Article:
Tate kept us waiting an extra 8 days past his due date, the longest 8 days of my entire life (my 30th birthday occurred in there somewhere too!). Now this next part I have tossed up whether I include, but I feel like I want a record of this for myself, so here goes, this is the story of my son’s birth!

From the moment I found out I was pregnant I started reading up on the process of labour, how it would start, what I could do (if anything) to make the process less painful and avoid interventions. I had never experienced serious pain, never broken a bone etc. but wanted to experience a natural labour if at all possible. How my labour panned out though, I could never have imagined!

I was due on the 15th November, for some reason my husband and I never imagined that I would still be pregnant on this date, or any day after, silly really as first time pregnancies regularly go overdue! So when the 15th came around and I went to bed with not even a twinge we were both pretty disappointed. Overnight I woke with cramps that, when timed, actually became quite regular! They were still mild so I tried to rest, thinking it might be the start of a long labour. Imagine my dismay when I woke the next morning to zero pains, zero contractions of any type? I had an appointment with my obstetrician that morning, who despite my desperate concern, did not seem at all worried that I was how overdue (by a whole day!).

On the night of Wednesday the 18th I again had cramps that became regular, then petered out to nothing by the next morning, which happened to be my 30th birthday. This was a day I did not enjoy, I was emotional, in pain, enormous and so very impatient to meet my baby. Little did I know that all these mini contractions were adding up to a drawn out pre-labour.

I went to bed on Sunday the 22nd determined that I would be asking my obstetrician for an induction at my appointment the next morning. I had read up on the pros and cons and decided I couldn’t possibly wait another day! At 11.56pm I felt what was undoubtedly a ‘real’ contraction, maybe I wouldn’t need that induction after all?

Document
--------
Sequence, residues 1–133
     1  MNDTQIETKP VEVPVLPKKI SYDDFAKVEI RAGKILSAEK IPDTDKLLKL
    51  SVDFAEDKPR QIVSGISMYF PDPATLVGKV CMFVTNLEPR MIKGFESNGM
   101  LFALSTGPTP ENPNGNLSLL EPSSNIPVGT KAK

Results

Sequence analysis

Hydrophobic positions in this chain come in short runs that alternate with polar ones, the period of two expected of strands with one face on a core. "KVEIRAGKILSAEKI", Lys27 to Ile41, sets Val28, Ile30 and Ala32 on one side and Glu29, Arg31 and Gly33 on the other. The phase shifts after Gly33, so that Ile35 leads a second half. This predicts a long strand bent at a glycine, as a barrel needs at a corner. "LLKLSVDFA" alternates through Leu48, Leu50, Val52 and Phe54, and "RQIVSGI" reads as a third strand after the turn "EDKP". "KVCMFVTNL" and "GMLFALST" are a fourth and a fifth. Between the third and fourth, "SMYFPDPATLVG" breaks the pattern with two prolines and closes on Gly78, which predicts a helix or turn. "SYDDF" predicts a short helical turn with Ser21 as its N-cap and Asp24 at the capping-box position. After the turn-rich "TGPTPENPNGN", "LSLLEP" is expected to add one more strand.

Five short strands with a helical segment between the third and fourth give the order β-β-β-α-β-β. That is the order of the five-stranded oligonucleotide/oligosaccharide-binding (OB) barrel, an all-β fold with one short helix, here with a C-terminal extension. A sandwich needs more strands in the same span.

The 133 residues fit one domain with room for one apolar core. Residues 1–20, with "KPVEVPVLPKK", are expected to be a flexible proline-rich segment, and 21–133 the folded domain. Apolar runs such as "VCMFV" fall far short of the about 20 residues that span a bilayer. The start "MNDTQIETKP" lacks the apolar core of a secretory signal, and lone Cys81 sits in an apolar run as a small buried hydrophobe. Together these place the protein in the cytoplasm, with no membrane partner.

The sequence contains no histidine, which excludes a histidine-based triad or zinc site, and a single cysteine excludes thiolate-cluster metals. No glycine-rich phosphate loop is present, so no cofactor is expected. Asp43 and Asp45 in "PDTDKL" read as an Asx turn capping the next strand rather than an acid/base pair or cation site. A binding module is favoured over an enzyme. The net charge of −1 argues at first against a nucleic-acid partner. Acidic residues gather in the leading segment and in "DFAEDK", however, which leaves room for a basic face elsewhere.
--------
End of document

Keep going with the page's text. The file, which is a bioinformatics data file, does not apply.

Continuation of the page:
The contractions continued, I could no longer lie in bed and time them, as the intensity increased I jumped in the shower when they were about 4-5mins apart. At about 1.30am I woke Michael up and asked him to call the hospital, just to let them know we would probably be coming in that night. The shower was no longer working, so I jumped out, contractions continuing to get stronger and closer together. It was at about this time that I vomited e v e r y w h e r e !! I was also experiencing some bleeding, not a small amount either, think post delivery type bleeding. We called the hospital back and when I explained this, they asked us to come in. So at about 2.45am we packed ourselves into the car, made sure the dog had food and water until the morning (well I didn’t, I was a little occupied) and we made our way to hospital. Now this trip normally takes 7 minutes, but with contractions coming every 2-3 minutes that I couldn’t sit through, we constantly stopped for me to walk them out on the side of the road. There is one particular bus stop that I can’t drive past now without flashbacks of a feeling to push!

Once at the hospital everything became a bit of a blur, I was taken to a delivery suite straight away where I was hooked up to a foetal monitor due to the bleeding, that put an end to my pacing or using the shower for relief. With just a fit ball next to the bed to bounce on, I was very apprehensive when the midwife offered to check how dilated I was. If I was only 4cm how was I ever going to continue without serious pain relief? To everyone’s surprise I was 10cm! I had pretty much laboured at home for the whole thing, arriving at the hospital just in time to push! I ended up on my knees on the bed, leaning over the raised end for the whole final stage. I have no idea, but I think I pushed for about 30mins before my 4.1kg (9.2 pounds) son was delivered straight into my arms at 4.27am, I got to announce his sex and hold him first, which was pretty amazing!

So in summary, I was very very fortunate to experience a 4.5 hour labour without any drugs or other interventions and delivered a healthy baby. I did lose quite a bit of blood overall and ended up with a 2nd degree tear, but immediately after I felt like superwoman! My husband cut the cord and we enjoyed several hours of skin to skin time alone in the delivery suite  that morning, getting to know our new son.

The days of pre-labour and 41st week of pregnancy were both worth the pain in the end as I experienced a low stress, fast birth where I was able to manage the pain and trust my body, this is something that I am very grateful for.